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Crown Of A Believer

Crown Of A Believer

Crown Of A Believer

Crown Of A Believer

By Shaykh Husain Kadodia

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Preface Crown Of A Believer

The way we conduct ourselves speaks much of the values we hold. Likewise, the way we dress reflects our cultural heritage, religious values, and speaks a language of its own. A religiously dressed person portrays piety and a definite set of values.

Islam is not merely a belief structure, but a complete code of life. Not only does it provide guidelines for every aspect of life, but it further endeavours to reconcile the inner with the outer, the mundane with the spiritual and the metaphysical with the realistic. It is possessed of a harmonious and moderate outlook, and emphasises that whatever is within should be reflected without — failure to do so tends to lead to either fanaticism or liberalism.

Our attitude towards the Islamic attire should be likewise understood, The Islamic headgear too is fashioned in a particular way and for a particular purpose. It represents the noble qualities of submission, humility, and discipline. Whatever the design, the headgear reflects Islam and one’s attitude towards Divinity.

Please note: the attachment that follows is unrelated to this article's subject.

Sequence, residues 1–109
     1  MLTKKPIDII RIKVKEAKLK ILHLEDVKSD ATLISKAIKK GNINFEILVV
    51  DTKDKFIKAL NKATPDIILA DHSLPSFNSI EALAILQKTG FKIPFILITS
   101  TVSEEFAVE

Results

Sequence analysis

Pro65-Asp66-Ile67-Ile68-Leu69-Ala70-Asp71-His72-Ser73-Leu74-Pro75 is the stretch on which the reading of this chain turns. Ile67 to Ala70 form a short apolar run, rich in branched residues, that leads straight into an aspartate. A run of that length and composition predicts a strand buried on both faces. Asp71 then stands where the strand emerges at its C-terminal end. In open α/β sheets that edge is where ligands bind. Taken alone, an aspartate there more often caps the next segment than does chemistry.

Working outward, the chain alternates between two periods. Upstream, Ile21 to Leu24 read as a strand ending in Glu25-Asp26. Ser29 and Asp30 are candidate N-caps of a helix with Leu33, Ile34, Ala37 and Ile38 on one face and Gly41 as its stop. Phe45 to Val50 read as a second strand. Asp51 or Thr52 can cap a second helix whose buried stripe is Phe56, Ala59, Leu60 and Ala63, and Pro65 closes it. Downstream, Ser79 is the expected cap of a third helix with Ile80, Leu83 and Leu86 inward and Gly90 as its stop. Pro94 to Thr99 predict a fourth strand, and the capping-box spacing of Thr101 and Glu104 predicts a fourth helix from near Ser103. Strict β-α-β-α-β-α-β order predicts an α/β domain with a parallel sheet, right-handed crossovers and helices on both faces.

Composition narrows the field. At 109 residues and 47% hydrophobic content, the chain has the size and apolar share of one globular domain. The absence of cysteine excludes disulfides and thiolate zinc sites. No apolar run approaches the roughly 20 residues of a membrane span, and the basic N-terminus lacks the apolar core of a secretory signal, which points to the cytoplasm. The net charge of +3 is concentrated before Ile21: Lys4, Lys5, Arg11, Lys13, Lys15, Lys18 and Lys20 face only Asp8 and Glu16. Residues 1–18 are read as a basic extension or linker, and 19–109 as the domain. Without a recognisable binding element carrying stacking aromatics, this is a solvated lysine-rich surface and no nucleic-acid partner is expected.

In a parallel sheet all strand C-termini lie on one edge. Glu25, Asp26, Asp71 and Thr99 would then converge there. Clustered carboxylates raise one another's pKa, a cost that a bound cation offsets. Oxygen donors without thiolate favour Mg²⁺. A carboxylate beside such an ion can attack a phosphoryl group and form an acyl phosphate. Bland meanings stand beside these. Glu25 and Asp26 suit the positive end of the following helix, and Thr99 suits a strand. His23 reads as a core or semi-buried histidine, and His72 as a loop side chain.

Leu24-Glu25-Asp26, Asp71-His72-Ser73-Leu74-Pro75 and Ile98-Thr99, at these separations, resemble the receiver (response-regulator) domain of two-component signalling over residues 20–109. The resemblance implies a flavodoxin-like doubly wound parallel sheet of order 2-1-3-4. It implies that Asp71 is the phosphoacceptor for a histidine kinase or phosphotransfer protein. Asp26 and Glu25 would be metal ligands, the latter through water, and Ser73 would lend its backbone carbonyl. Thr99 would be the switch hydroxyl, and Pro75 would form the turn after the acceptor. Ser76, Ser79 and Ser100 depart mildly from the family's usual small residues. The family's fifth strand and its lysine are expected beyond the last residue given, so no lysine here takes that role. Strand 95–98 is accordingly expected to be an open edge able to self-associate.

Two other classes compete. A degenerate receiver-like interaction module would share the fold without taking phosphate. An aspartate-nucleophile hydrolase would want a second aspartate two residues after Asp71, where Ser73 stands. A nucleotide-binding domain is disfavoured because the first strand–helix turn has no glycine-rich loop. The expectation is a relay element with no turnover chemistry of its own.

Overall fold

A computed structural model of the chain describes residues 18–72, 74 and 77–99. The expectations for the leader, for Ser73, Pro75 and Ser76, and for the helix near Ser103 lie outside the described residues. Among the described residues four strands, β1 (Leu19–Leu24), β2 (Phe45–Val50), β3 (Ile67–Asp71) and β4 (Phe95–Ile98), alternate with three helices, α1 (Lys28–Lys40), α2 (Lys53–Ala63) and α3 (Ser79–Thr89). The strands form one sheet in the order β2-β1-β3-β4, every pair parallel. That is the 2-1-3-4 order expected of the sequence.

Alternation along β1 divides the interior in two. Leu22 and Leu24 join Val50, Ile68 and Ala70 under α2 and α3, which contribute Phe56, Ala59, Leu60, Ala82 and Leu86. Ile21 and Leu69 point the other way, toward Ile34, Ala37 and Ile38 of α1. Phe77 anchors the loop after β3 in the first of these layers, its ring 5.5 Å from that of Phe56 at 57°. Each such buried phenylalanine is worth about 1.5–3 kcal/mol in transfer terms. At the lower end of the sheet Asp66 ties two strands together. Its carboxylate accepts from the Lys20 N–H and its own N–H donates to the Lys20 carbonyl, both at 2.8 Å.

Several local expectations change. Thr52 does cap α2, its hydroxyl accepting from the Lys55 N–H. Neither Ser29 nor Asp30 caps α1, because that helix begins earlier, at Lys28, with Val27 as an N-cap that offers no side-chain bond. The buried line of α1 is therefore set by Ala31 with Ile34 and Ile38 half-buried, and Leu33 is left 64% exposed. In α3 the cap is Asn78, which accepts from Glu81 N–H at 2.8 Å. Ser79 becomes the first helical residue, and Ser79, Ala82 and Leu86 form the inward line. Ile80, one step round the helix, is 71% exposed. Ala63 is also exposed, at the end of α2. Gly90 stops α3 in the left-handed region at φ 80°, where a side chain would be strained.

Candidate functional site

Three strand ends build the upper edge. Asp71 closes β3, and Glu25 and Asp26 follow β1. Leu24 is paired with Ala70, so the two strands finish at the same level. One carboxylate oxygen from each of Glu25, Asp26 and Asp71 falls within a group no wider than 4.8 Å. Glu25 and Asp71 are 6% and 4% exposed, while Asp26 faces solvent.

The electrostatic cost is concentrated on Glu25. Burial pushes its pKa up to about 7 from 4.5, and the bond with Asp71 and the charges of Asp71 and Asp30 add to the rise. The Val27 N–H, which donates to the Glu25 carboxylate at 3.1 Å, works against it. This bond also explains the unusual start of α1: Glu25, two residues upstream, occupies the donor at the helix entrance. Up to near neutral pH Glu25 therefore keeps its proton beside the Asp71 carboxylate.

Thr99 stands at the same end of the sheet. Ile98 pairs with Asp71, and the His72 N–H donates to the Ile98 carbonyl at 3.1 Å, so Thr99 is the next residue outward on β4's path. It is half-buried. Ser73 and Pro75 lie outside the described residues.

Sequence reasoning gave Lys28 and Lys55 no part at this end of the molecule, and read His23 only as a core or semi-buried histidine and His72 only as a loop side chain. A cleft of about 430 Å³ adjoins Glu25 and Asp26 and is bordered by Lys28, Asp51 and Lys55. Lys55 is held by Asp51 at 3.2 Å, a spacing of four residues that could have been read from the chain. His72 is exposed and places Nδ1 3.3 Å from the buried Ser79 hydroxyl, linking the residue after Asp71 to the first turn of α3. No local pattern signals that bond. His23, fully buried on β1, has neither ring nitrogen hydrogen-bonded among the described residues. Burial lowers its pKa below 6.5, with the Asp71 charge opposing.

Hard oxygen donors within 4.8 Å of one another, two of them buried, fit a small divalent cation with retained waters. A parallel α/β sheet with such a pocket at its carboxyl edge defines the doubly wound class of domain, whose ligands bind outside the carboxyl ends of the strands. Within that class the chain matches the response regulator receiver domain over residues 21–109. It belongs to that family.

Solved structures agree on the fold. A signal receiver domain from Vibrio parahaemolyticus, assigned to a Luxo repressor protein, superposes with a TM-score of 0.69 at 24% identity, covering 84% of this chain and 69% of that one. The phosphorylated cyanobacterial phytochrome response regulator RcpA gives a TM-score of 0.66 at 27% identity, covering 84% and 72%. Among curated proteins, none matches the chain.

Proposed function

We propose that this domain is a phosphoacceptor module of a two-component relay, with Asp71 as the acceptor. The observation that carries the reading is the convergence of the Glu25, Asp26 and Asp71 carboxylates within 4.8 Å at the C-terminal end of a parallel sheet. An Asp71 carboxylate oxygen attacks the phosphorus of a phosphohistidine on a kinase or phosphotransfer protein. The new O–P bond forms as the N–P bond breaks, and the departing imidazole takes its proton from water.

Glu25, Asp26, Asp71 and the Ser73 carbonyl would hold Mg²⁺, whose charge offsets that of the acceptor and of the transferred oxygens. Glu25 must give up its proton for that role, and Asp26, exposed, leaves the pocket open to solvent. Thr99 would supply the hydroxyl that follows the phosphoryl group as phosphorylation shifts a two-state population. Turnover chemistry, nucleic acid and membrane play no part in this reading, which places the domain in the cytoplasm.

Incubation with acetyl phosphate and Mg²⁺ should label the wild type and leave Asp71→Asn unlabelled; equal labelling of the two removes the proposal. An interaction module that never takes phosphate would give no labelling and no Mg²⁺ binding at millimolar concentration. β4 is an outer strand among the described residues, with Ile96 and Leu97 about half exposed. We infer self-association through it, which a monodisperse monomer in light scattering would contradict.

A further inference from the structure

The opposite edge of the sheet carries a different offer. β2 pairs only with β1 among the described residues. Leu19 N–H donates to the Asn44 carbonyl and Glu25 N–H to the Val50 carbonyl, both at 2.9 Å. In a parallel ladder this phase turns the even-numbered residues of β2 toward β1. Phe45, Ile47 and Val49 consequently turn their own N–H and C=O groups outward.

Indeed, the headgear is not unique to Islam. It was also prevalent in other customs, and also reflected a certain ethos. The first reference of head-dress is found in the pre-historic rock paintings which were created by hunter-gatherers some ten to thirty thousand years ago. In the Indian rock art sites of Kumaun and Bhimbetka or in Rock art sites in Kerala one can find enormous reference of visual records that depict people wearing the headgear. During the Byzantine civilization in the 11 th century head-dress became a regular feature which was later passed onto the European world, whereas Indian society was sporting headdress as a regular costume by 10 000 B.C.E.

As part of the requirements of the oath, most of the nations of Europe demanded (and some still demand) that the Jews swear with their heads covered. A law of Hungary issued in 1517 demands that a Jew should swear “Pileum Judaicum in capite habens”. Similar are the laws of Saxony, Nov. 22, 1838; May 13, 1839; and May 30, 1840; of Schaumburg-Lippe, March 19, 1842; of Denmark, 1843; of Brunswick, Jan. 14, 1845; and of Austria, 1846. In a trial at a police court in London, a Jew swore with uncovered head, and the attorney for his opponent objected to the oath, because the Jews did not consider such an oath valid; and the judge sustained the objection (“Jewish Chronicle,” Aug. 9, 1901, p. 17). Jewish custom has for ages required men to cover the head in order to show their humility and reverence before God.

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Hayat ul Sahabah by Shaykh Muhammad Yusuf Kandhelvi (r.a)

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